Nobody minds market volatility when it’s in the upward direction. But this week, we got plenty of the type of volatility that we don’t like so much as investors, the kind that inspires headlines with words like “plunge” and that end with exclamation points.
It presents an opportunity, therefore, to remind ourselves of one of the central tenets of the art and science of investing:
You can’t get outperformance without underperformance.
Indeed, the only reason we have a right to expect a higher rate of return on any given investment is that we’re willing to endure greater risk, and, in all likelihood, higher volatility. But just how much volatility?
Let’s look at some of the scariest market moments of the past 50 years, specifically how far the market—in this case, the S&P 500—dropped over a handful of notable time periods:
Even if you get your daily news from one of those celebrity tabloid shows, you have probably still heard that the market has been more than a little crazy in recent weeks.
Indeed, the typically overstated “surge” and “plunge” headlines have been less hyperbolic of late, as the Dow Jones Industrial Average burps out daily gains and losses in the hundreds of points. But over the past several trading days, the results have been all red, and since Sept. 18, the market has taken back more than 6% of what it’s given so far this year.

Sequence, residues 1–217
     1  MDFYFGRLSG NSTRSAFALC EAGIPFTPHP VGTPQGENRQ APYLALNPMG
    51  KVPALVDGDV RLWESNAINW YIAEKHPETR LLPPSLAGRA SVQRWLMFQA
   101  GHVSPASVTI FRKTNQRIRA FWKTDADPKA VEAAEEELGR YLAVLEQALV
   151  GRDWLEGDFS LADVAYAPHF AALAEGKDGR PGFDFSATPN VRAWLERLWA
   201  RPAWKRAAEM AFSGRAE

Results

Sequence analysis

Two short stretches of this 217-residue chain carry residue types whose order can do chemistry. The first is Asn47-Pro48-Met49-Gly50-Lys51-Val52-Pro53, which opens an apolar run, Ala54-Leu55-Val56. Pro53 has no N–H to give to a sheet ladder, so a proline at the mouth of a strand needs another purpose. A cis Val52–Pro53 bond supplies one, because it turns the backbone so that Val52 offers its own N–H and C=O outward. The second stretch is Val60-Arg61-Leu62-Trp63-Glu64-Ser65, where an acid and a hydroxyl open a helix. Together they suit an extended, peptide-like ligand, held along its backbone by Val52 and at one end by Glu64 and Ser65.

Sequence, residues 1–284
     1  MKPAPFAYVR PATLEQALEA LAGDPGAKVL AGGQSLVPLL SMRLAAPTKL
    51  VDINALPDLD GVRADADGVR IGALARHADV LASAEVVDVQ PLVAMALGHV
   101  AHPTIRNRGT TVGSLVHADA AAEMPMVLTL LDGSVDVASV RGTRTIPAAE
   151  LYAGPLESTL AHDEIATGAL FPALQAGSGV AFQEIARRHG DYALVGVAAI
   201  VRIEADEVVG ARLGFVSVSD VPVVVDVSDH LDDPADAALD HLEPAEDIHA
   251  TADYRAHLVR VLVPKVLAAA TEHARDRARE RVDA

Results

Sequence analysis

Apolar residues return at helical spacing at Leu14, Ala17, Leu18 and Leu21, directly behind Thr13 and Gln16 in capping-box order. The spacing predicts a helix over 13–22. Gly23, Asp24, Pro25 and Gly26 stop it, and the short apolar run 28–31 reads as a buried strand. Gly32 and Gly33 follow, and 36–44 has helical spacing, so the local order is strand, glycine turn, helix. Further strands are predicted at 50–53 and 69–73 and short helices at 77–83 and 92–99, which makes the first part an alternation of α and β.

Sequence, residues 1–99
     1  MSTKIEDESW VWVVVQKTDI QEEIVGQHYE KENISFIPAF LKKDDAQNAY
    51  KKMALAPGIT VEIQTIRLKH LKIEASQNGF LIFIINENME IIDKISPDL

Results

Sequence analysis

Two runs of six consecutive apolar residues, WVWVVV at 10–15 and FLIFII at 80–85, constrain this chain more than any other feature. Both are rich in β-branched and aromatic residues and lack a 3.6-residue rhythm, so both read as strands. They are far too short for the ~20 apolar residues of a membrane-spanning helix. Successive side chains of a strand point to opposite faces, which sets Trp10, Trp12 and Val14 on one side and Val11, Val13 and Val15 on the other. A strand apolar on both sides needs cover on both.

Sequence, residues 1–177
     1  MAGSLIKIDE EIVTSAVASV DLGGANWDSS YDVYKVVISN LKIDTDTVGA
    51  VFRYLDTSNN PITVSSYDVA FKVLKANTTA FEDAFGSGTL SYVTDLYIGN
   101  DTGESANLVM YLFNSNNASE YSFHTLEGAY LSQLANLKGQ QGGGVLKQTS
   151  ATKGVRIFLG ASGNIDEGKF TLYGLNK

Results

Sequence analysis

Is this volatility the precursor to another market gutting? Or perhaps it’s just a momentary ebb in advance of a continued upward flow?
The answer is yes.
The market is in the business of rising and falling, and of making fools of those who attempt to predict which it will do next. But be sure that we will feel both the pain of another big drop—perhaps sooner rather than later—and the euphoria of another unprecedented gain.
Whether this very recent pullback happens to be the beginning or the end of something, most investors have already lost enough to benefit from it.
Benefit? Yes, you did read that correctly. Here are three ways to gain from market losses: